If you've ever commuted by car, you know what a pain it can be. Recent studies have shown that people tend to underestimate the impact a long commute has on their happiness. While a big house in the suburbs may feel more like success, that extra hour (or two) you spend in traffic every evening adds up. Fast.
So, if you're thinking of moving, it pays to consider your transportation costs. That's exactly what Abogo helps you do.
Abogo was developed to help you uncover the hidden transportation costs of living in areas that are more (or less) accessible. Their website uses a mix of household-level and regional data to deliver accurate estimates of what people in your neighborhood spend on getting around.
It's incredibly easy to use. Just type in the address you're interested in. Abogo generates a "dollars per month" rating for transportation costs associated with that specific address, along with a regional average that lets you compare your address to others near you. The carbon footprint of all that transportation is calculated too. They recently added a really neat tool that lets you track the impact of gas prices on that "dollars per month" rating.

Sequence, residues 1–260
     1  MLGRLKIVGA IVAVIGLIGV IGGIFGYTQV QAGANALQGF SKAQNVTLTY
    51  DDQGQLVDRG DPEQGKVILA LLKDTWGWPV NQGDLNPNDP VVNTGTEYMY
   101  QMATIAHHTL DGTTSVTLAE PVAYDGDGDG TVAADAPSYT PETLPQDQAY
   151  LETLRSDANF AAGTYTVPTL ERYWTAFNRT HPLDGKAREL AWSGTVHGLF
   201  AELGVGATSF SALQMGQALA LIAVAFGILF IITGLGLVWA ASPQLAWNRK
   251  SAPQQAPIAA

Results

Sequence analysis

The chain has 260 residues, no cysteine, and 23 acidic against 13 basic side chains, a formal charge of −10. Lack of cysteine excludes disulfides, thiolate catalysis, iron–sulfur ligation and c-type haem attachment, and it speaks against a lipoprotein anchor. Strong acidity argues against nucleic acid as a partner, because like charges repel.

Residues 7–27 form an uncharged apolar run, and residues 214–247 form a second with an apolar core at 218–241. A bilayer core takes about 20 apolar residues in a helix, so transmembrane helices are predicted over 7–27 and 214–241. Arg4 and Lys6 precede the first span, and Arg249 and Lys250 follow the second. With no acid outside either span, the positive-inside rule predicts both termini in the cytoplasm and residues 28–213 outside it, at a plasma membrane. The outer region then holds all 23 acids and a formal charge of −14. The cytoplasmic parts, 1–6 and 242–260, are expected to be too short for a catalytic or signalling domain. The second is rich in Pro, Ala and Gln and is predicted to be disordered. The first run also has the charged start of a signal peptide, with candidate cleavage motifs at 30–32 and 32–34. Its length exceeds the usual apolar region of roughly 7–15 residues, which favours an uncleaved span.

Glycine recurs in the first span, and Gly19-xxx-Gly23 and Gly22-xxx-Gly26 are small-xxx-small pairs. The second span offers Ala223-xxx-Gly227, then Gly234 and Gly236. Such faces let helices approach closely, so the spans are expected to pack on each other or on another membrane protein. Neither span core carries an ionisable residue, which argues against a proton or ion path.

Drawbacks: Some of Abogo's built-in assumptions may not apply to your household, so you may not actually be getting an accurate estimate of transportation costs for your commuting patterns - especially if you don't own a car, or don't use it as often as the tool expects you to. I've found the most useful feature to be the comparison of your selected address with the local area: it lets you determine which areas are cheaper and more convenient to get to, and make a choice of where to live that really works for you over the long term.
Here are a couple of sources, as requested. If you search for "commute happiness correlation" you'll find more articles and perspectives than I've listed here, though many refer to the same study as #1 does.
- http://scienceblogs.com/cortex/2010/03/30/commuting/ which refers to the actual study, here: http://ideas.repec.org/p/zur/iewwpx/151.html